Professor Russ Hoye, PhD, is the Dean of Allied Health, Human Services and Sport at La Trobe University. He has held a number of senior leadership roles at La Trobe University, including Pro Vice-Chancellor (Research Development), Director of the Centre for Sport and Social Impact, and Director of the Sport, Exercise and Rehabilitation Research Focus Area. He has secured more than $3.5M AUD in research funding and has been chief investigator on three Australian Research Council grants and two Canadian Social Sciences and Humanities Research Council grants.
He has worked in higher education for more than 25 years in Australia as a researcher and senior executive with significant experience in academic program development, organisational policy leadership, and implementation of change management. Russ has published seven books and more than 60 journal articles. He is currently the editor of the Sport Management Series published by Routledge; a member of the editorial boards for Sport Management Review, the International Journal of Sport Policy and Politics, and the Journal of Global Sport Management; past President of the Sport Management Association of Australia and New Zealand (SMAANZ) and a graduate of the Australian Institute of Company Directors.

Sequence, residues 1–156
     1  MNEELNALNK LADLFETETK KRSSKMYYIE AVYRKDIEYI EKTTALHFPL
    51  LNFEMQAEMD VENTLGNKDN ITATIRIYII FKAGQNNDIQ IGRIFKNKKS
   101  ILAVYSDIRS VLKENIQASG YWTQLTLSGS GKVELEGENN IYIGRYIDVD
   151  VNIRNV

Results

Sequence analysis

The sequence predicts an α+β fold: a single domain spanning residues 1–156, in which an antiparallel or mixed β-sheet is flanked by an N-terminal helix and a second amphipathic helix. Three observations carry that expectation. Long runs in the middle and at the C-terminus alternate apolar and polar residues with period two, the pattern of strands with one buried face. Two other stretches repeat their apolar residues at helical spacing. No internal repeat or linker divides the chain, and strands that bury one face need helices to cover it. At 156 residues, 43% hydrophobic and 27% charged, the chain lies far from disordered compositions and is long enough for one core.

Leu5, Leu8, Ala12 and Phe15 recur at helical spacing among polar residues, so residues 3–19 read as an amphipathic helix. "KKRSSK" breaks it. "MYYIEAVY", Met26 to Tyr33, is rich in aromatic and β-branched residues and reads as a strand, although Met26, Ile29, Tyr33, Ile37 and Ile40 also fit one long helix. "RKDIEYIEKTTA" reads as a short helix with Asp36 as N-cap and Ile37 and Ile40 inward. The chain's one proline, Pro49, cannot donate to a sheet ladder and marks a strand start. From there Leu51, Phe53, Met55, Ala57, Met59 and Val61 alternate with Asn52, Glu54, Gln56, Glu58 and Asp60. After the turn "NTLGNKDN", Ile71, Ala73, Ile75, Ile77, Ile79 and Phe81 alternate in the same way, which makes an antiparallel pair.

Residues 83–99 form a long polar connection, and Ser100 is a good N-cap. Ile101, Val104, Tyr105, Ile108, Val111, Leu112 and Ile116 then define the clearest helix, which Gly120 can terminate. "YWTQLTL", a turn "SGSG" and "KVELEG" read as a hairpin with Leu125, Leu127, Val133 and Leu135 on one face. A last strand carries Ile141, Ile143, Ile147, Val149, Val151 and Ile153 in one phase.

Prof Gregory Kolt
Professor of Health Science
Lead Dean, Workforce Development
Western Sydney University (WSU), New South Wales
Prior to joining WSU in 2006, Gregory Kolt was Associate Dean (Research), Professor of Health Science, and Founder and Director of the Centre for Physical Activity and Nutrition Research in the Faculty of Health and Environmental Sciences at Auckland University of Technology, New Zealand.